you bring back the one you carried off. — Dur-
ing the Anti-Masonic Excitemetit of 1827. An-
other version is : That is a good enough Morgan
until after election.

Good Government, The Sum of— Thomas
Jefferson : With all these blessings, what more
is necessary to make us a happy and prosper-
ous people ? Still one thing more, fellow-
citizens : a wise and frugal government, which
shall restrain men from injuring one another,
shall leave them otherwise free to regulate
their own pursuits of industry and improve-
ment, and shall not take from the mouth of
labor the bread it has earned. This is the sum
of good government; and this is necessary to
close the circle of our felicities.

Government a Trust — Henry Clay: Gov-
ernment is a trust, and the officers of the gov-
ernment are trustees; and both the trust and
the trustees are created for the benefit of the
people. — At Ashland, Kentucky, March i82g.

Government by the Gallows — Sir W. Mere-
dith : Whether hanging ever did, or can, answer
any good purpose, I doubt ; but the cruel ex-
hibition of ever>' execution day is a proof that
hanging carries no terror with it. The multi-
plicity of our hanging laws has produced these
two things : frequency of condemnation, and
frequent pardons. If we look to the executions
themselves, what examples do they give ? The
thief dies either hardened or penitent. All that
admiration and contempt of death with which
heroes and martyrs inspire good men in a good
cause, the abandoned villain feels, in seeing a
desperado like himself meet death with intre-
pidity. The penitent thief, on the other hand,
often makes the sober villain think that by



robbery, forgery, or murder, he can relieve all
his wants ; and, if he be brought to justice, the
punishment will be short and trifling, and the
reward eternal.

Government of, by, and for tlie People —
Theodore Parker : The American idea, . . .
a democracy, that is, a government of all the
people, by all the people, for all the people.—
Boston, 1830.

Governmental Power and Popular Inca-
pacity— John C. Calhoun: The quantum of
power on the part of the Government, and of
liberty on that of individuals, instead of being
equal in all cases, must, necessarily, be very
unequal among different people, according to
their different conditions. For, just in propor-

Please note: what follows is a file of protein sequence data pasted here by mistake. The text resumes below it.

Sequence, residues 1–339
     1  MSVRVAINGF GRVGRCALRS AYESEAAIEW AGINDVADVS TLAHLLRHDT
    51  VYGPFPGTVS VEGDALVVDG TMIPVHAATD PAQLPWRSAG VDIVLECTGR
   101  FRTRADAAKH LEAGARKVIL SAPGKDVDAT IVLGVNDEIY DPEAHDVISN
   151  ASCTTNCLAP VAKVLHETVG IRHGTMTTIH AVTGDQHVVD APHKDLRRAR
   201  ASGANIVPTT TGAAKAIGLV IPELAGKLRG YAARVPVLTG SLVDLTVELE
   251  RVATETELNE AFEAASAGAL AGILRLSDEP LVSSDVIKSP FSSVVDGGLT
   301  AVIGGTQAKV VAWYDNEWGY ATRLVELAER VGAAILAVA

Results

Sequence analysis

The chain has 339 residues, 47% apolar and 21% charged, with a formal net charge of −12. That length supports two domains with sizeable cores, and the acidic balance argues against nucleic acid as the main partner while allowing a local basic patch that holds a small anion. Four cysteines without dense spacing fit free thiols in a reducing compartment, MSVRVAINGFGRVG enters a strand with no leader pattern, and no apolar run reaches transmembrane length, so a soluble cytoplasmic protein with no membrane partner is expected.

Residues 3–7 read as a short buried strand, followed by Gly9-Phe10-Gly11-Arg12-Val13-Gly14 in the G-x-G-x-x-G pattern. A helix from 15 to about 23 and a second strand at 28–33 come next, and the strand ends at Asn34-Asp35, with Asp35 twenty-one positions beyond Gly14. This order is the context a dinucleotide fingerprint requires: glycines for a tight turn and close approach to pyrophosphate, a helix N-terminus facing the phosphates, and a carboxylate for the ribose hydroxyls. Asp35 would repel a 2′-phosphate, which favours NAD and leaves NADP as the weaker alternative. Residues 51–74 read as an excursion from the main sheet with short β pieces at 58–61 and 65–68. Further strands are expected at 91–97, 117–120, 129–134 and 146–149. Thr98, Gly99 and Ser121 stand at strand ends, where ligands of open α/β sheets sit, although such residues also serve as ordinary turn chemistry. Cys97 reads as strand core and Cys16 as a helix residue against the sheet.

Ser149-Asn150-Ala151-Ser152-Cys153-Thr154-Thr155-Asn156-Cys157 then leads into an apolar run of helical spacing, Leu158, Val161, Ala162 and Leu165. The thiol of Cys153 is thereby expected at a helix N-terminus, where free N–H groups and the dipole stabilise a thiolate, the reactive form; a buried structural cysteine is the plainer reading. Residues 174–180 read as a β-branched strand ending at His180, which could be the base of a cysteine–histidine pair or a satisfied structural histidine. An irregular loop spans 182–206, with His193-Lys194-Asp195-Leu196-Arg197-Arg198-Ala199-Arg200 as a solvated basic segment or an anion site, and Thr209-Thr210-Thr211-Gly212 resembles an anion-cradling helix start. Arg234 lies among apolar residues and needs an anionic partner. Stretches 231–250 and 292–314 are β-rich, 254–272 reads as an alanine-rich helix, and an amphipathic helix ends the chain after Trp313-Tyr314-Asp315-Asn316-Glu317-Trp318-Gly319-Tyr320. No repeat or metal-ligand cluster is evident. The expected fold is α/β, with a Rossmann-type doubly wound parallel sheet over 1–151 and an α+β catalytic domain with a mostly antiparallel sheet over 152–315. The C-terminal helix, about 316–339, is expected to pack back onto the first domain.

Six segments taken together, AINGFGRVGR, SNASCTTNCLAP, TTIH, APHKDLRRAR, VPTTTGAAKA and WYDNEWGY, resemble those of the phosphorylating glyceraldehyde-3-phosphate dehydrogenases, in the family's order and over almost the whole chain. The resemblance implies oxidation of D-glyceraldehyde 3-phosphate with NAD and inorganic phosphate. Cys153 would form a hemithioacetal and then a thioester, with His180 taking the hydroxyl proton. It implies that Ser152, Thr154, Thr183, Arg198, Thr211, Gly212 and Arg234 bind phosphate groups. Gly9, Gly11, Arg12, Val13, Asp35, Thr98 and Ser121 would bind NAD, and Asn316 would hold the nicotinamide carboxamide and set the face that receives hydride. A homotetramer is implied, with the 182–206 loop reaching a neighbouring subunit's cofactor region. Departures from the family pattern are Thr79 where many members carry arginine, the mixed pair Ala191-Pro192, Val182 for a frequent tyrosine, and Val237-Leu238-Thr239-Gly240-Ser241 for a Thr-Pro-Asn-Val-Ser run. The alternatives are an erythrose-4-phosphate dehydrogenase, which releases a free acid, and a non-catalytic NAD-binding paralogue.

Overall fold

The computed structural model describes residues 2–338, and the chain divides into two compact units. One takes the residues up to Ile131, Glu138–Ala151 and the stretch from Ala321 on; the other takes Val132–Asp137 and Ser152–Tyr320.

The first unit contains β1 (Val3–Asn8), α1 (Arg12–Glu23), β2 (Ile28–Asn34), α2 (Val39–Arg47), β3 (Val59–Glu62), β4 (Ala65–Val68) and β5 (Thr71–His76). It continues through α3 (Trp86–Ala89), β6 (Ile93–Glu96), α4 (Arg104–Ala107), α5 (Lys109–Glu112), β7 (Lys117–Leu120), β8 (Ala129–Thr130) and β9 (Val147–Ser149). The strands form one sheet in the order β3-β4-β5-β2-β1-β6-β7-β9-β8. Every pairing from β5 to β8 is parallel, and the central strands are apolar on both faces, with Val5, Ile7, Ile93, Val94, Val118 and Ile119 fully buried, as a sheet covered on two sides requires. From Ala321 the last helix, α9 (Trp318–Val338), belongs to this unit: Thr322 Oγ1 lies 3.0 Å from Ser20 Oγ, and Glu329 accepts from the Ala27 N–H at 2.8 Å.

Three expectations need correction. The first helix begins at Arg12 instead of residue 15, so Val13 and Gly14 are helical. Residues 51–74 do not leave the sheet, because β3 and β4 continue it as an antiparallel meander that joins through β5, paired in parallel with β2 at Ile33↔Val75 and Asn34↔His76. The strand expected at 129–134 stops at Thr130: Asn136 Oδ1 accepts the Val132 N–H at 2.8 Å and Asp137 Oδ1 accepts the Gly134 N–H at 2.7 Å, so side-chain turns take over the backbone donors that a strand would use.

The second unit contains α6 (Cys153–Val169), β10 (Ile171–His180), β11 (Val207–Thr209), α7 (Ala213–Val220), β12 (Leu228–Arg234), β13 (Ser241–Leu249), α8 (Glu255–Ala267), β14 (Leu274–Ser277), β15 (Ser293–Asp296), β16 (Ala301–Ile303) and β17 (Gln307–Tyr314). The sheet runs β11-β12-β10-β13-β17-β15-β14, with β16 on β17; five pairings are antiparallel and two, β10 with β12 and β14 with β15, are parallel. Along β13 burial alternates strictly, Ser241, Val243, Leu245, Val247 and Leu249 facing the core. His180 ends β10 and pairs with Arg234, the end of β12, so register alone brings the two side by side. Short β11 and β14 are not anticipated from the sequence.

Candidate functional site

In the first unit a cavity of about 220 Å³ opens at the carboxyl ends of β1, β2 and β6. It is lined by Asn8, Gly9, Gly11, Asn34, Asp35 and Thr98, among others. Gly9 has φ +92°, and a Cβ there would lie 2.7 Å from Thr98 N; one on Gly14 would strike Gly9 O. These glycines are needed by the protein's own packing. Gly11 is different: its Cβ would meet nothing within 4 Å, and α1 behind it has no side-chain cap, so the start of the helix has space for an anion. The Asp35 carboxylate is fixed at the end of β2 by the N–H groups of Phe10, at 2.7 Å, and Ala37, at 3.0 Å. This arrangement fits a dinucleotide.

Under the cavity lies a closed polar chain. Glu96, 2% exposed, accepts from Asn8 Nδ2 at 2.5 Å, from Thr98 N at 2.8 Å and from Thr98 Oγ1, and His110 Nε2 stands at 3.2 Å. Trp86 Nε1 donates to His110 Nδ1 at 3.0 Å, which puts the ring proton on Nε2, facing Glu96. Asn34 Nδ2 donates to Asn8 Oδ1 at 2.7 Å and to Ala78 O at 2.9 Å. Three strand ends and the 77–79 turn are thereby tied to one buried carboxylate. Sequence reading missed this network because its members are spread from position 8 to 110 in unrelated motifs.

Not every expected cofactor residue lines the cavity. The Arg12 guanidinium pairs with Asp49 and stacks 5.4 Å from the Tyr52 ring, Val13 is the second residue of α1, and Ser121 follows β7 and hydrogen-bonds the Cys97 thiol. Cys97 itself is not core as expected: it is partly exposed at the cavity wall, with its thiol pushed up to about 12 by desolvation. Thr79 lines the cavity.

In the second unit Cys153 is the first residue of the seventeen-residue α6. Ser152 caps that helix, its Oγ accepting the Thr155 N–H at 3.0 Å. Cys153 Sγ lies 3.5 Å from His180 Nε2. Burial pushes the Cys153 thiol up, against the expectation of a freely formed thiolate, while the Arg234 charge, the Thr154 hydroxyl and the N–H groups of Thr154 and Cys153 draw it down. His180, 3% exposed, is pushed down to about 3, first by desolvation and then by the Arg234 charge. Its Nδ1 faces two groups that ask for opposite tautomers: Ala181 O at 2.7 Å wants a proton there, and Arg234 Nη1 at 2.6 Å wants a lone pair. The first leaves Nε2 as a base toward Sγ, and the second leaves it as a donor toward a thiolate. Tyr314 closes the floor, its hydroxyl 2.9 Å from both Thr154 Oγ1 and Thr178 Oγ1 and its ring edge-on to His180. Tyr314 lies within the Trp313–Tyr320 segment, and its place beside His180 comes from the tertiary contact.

tion as a people are ignorant, stupid, debased,
corrupt, exposed to violence within and dan-
ger without, the power necessary for govern-
ment to possess, in order to preserve society
against anarchy and destruction, becomes
greater and greater, and individual liberty less
and less, until the lowest condition is reached,
when absolute and despotic power becomes
necessary on the part of the Government, and
individual liberty extinct.

Grant, Ulysses S.— Freedom and Educa-
tion : The free school is the promoter of that
intelligence which is to preserve us as a free
nation. If we are to have another contest in
the near future of our national existence, I
predict that the dividing line will not be Ma-
son and Dixon's, but between patriotism and
intelligence on the one side, and superstition
and ambition and ignorance on the other. Now
in this Centennial year of our existence I be-
lieve it a good time to begin the work of
strengthening the foundation of the house
commenced by our patriotic forefathers one
hundred years ago, at Concord and Lexington.
Let us all labor to add all needful guarantees
for the more perfect security of free thought,
free speech, free press, pure morals, unfettered
religious sentiments, and of equal rights and
privileges to all men, irrespective of national-
ity, color, or religion. Encourage free schools,
and resolve that not one dollar of money ap-
propriated to their support, no matter how
raised, shall be appropriated to the support of
any sectarian school. Resolve that the State
or Nation, or both combined, shall furnish to
every child growing up in the land the means
of acquiring a good common-school education,
unmixed with sectarian, pagan, or atheistic
tenets. Leave the matter of religion to the
family altar, the church, and the private school
supported entirely by private contributions.
Keep the Church and State forever separate.
With these safeguards I believe the battles
which created the Army of the Tennessee will
not have been fought in ^diSxs.. — From an ad-
dress to the Ar7ny of tite Tennessee, at its re-
union, September 2qth, 1875, at Des Moines, Iowa.

Graves, John Temple — On Henry W.
Grady : No fire that can be kindled upon the
altar of speech can relume the radiant spark

that perished yesterday. No blaze born in all
our eulogy can burn beside the sunlight of his
useful life. After all, there is nothing grander
than such living.

I have seen the light that gleamed from the
headlight of some giant engine rushing on-
ward through the darkness, heedless of oppo-
sition, fearless of danger, and I thought it was
grand. I have seen the light come over the
eastern hills in glory, driving the hazy dark-
ness like mist before a sea-born gale, till leaf,
and tree, and blade of grass glittered in the
myriad diamonds of the morning ray, and I
thought it was grand. I have seen the light
that leaped at midnight athwart the storm-
swept sky, shivering over chaotic clouds, mid
howling winds, till cloud and darkness and the
shadow-haunted earth flashed into midday
splendor, and I knew it was grand. But the
grandest thing next to the radiance that flows
from the Almighty throne is the light of a noble
and beautiful life wrapping itself in benediction
round the destinies of men and finding its home
in the blessed bosom of the everlasting God,

Greeley, Horace — After-Dinner Speech on
Franklin : Mr. Chairman and gentlemen, if
I were required to say for which of Franklin's
achievements he deserved most and best of
mankind, I should award the palm to his auto-
biography — so frank, so sunny, so irradiated by
a brave, blithe, hearty humanity. For if our

Online LibraryDavid J. (David Josiah) BrewerCrowned masterpieces of eloquence, representing the advance of civilization, as collected in The world's best orations, from the earliest period to the present time (Volume 10) → online text (page 30 of 56)